BACKGROUND: Falls in older adults, notably those with Alzheimer's dementia (AD), are prevalent. Vision and balance impairments are prominent falls risk factors in older adults. However, recent literature in the cognitively impaired suggests that executive function (EF) is important for falls risk assessments. The study objectives were to: 1) to compare balance among people with AD, healthy older adults (OA), and healthy young adults (YA) and 2) to quantify the interaction of visual acuity and EF on postural stability.
METHODS: We recruited 165 individuals (51 YA, 48 OA, and 66 AD). Trail Making Tests (A and B) quantified EF and the Colenbrander mixed contrast chart measured high and low contrast visual acuity. Accelerometers recorded postural sway during the Modified Test for Sensory Integration. A two-way repeated measures ANOVA examined postural sway differences across groups. Mediation analysis quantified the association of EF in the relationship between contrast sensitivity and postural sway.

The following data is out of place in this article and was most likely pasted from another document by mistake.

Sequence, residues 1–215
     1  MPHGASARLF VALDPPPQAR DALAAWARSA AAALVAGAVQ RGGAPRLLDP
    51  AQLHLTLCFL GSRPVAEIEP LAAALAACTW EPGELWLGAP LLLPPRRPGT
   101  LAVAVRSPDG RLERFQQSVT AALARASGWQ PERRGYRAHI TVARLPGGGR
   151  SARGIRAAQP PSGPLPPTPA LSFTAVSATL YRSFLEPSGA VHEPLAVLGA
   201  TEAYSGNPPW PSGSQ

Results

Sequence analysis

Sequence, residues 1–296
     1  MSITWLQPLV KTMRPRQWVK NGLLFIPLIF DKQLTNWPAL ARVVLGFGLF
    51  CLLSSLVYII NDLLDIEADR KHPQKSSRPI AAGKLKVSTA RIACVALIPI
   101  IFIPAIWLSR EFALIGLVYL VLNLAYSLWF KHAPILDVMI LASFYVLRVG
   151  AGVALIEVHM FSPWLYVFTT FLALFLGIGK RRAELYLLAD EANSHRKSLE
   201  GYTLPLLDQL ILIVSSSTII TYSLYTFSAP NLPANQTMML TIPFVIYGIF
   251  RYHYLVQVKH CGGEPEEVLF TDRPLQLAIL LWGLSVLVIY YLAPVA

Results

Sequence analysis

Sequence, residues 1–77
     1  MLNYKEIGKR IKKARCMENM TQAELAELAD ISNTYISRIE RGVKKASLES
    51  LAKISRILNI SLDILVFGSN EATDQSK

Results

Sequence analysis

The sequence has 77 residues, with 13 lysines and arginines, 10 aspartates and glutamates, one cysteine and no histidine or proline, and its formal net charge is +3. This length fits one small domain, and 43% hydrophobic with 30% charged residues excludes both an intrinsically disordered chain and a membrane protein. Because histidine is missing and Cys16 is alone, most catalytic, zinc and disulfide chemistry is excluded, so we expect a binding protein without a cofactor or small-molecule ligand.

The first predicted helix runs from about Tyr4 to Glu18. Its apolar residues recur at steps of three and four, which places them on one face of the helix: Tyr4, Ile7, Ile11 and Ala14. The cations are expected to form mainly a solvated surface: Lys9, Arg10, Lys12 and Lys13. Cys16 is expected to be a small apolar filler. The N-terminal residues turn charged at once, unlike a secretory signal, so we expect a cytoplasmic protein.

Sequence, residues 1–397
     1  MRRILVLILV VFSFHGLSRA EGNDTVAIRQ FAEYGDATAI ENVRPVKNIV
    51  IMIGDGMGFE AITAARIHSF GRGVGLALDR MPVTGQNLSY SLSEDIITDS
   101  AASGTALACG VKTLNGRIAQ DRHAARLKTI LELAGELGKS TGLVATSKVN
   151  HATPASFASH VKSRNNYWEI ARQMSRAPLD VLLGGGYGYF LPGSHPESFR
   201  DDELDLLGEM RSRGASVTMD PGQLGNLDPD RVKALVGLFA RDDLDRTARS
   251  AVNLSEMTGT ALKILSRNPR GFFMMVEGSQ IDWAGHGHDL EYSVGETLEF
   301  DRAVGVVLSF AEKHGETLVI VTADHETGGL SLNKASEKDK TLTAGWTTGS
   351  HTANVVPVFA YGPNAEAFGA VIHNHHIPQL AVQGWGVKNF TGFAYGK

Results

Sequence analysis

RESULTS: Significant EF and visual acuity between-group differences were observed (p < 0.001). For postural sway, a significant interaction existed between group and balance condition (p < 0.001). In general, EF was a significant mediator between visual acuity and postural sway. Visual acuity, EF and postural sway was worse with increased age, particularly in the AD group.
CONCLUSIONS: Mediation analysis revealed that individuals with poorer visual acuity had poorer EF, and those with poorer executive function had poorer balance control. These results highlight the importance of assessing not only vision and balance but also EF, especially in older individuals living with AD.
Available at: http://works.bepress.com/andrewjohnson/79/